Ever hear buzzing, thumping, or crackling sounds that appear to come out of nowhere? If you use hearing aids, it can mean that they require adjustment or aren’t properly fitted. But if you don’t wear hearing aids the sounds are coming from inside your ear. You don’t have to panic. Even though we usually think of our ears with respect to what they look like on the outside, there’s a lot more than meets the eye. Different sounds you might be hearing in your ears could mean different things. Here are some of the most typical. Though most are harmless (and temporary), if any of these sounds are prolonged, irritating, or otherwise interfering with your quality of life, it’s a smart idea to get in touch with a hearing expert.
Crackling or Popping
When there’s a pressure change in your ears, whether it’s from altitude, going underwater or just yawning, you may hear popping or crackling sounds. These noises are caused by a small part of your ear called the eustachian tube. The crackling sound takes place when these mucus-lined passageways open up, allowing fluid and air to circulate and relieving the pressure in your ears. It’s an automatic process, but sometimes, like when you have inflammation from allergies, a cold, or an ear infection, your tubes can literally get gummed up. In serious cases, where antibiotics or decongestants don’t help, a blockage may require surgical treatment. If you’re having chronic ear pain or pressure, you probably should consult a specialist.
Buzzing or Ringing is it Tinnitus?
It might not be your ears at all if you are wearing hearing aids, as mentioned before. If you aren’t using hearing aids, earwax might be the issue. It makes sense that too much wax may make it difficult to hear, and cause itchiness or even infections, but how could it make a sound? If wax is pressing on your eardrum, it can restrict the eardrum’s ability to work properly, that’s what causes the buzzing or ringing. The good news is, it’s easily fixed: You can have the extra wax professionally removed. (Don’t try to do this at home!) Excessive, persistent ringing or buzzing is called tinnitus. There are several kinds of tinnitus including when it’s caused by earwax. Tinnitus isn’t itself a disorder or disease; it’s a symptom that signifies something else is going on with your health. Besides the wax buildup, tinnitus can also be associated with depression and anxiety. Diagnosing and dealing with the fundamental health issue can help relieve tinnitus; talk to a hearing specialist to learn more.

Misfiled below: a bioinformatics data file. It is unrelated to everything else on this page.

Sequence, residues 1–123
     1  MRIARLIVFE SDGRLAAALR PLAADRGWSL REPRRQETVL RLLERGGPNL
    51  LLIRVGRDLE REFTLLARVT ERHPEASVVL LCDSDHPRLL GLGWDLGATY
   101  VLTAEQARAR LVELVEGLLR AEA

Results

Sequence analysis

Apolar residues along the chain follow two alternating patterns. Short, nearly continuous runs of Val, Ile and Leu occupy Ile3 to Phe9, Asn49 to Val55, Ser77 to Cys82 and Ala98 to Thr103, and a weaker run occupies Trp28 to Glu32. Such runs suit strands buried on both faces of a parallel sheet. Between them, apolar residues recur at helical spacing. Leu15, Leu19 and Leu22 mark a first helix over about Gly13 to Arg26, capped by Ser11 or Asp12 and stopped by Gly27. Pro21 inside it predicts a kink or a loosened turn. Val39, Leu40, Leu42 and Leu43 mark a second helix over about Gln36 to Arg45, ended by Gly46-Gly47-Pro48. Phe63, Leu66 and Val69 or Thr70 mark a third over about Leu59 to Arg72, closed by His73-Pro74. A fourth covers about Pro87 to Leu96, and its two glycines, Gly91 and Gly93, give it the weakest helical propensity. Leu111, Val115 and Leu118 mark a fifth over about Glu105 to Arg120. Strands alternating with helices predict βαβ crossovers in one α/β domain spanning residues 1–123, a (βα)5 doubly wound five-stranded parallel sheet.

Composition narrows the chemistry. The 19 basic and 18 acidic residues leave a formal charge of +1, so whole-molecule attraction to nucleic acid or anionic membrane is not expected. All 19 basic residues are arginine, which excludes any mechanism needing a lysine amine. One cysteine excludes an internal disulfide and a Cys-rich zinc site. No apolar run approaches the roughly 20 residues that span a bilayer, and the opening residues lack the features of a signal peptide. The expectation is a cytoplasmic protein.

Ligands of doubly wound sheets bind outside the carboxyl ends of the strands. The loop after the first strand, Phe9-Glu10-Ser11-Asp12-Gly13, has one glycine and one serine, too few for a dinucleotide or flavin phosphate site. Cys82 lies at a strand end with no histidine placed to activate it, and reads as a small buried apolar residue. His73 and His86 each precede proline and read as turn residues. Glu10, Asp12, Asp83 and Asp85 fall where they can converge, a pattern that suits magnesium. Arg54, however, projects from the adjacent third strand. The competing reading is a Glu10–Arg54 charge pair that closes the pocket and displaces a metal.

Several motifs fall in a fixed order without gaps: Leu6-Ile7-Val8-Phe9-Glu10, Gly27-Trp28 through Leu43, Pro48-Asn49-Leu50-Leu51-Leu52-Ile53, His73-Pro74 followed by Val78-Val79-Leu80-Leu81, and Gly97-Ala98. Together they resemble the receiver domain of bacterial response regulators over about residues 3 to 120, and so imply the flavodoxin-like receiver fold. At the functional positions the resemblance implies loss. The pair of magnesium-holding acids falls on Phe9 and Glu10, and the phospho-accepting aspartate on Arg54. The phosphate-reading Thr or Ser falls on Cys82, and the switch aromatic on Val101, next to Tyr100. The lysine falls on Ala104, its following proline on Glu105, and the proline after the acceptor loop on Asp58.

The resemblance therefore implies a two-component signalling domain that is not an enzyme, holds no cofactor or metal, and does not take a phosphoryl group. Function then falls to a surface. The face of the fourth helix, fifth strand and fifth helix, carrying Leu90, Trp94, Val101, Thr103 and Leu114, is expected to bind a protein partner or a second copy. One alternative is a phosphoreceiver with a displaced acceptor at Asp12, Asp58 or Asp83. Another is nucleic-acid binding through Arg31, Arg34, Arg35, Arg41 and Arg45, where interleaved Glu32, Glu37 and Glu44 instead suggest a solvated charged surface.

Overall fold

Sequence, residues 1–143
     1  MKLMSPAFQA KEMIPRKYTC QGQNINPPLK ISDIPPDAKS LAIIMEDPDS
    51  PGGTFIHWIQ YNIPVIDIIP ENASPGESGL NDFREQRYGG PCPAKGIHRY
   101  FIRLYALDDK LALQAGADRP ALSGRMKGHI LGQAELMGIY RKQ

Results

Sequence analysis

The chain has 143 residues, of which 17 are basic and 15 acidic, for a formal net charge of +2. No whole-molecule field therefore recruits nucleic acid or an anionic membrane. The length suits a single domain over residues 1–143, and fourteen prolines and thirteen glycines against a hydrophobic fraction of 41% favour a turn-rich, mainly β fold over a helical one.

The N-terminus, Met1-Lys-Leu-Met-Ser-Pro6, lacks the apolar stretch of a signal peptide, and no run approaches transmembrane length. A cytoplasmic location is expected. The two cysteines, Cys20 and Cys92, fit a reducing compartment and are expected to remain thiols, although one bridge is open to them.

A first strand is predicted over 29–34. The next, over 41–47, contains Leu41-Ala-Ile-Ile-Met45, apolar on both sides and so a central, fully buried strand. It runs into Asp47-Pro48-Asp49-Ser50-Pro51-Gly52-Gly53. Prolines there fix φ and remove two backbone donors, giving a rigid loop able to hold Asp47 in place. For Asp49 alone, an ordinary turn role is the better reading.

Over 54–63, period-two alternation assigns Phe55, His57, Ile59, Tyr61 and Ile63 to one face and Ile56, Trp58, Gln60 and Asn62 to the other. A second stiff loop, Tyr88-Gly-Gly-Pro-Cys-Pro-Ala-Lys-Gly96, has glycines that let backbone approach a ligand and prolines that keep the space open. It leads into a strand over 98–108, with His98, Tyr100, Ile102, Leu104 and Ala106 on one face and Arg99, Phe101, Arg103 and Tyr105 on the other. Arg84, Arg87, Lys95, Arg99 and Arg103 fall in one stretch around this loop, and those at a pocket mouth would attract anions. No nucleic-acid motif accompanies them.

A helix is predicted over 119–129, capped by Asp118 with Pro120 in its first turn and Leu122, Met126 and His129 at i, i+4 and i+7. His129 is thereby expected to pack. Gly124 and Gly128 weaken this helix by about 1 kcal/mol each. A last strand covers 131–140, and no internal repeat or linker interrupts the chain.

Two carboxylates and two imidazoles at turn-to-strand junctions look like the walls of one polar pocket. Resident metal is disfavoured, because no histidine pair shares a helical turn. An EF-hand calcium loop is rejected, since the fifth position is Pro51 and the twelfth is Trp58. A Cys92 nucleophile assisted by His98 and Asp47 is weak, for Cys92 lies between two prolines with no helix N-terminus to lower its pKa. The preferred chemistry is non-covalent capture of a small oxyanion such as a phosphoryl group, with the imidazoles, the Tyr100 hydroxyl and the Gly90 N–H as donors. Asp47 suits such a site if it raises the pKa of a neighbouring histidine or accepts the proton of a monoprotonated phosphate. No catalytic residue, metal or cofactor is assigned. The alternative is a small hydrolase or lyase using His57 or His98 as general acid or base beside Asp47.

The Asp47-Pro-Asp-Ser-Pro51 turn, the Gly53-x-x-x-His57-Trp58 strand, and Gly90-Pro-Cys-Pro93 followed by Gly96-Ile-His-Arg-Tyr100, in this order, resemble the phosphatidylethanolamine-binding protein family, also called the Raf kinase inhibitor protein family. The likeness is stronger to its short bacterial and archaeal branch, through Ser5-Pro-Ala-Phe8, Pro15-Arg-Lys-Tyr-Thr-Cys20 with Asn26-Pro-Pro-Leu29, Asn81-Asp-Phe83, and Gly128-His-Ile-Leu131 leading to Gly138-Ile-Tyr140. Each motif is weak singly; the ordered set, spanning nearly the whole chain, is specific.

This sound is one we cause ourself and is much less common. Have you ever observed how occasionally, if you have a really big yawn, you hear a low rumbling? There are little muscles in the ear that contract in order to reduce the internal volume of certain natural actions such as your own voice or yawning or chewing, It’s the contraction of these muscles in response to these natural sounds that we hear as rumbling. Activities, like yawning and chewing, are so near to your ears that though they are not very loud, they can still harming your hearing. (But talking and chewing as well as yawning are not something we can stop doing, it’s lucky we have these little muscles.) These muscles can be controlled by some people, even though it’s very rare, they’re called tensor tympani, and they’re able to create that rumble whenever they want.
Pulsing or Thumping
If you occasionally feel like you’re hearing your heartbeat inside your ears, you’re most likely right. Some of the body’s biggest veins run extremely close to your ears, and if your heart rate’s high, whether it’s from that important job interview or a hard workout, your ears will detect the sound of your pulse. Pulsatile tinnitus is the name for this, and unlike other forms of tinnitus, it’s one that not just you hear, if you go to a hearing specialist, he or she will be able to hear it as well. If you’re dealing with pulsatile tinnitus but you haven’t worked out recently, you need to see a specialist because that’s not common. Like other sorts of tinnitus, pulsatile tinnitus isn’t a disease, it’s a symptom; there are likely health problems if it continues. Because your heart rate should come back to normal and you should stop hearing it after your workout when your heart rate returns to normal.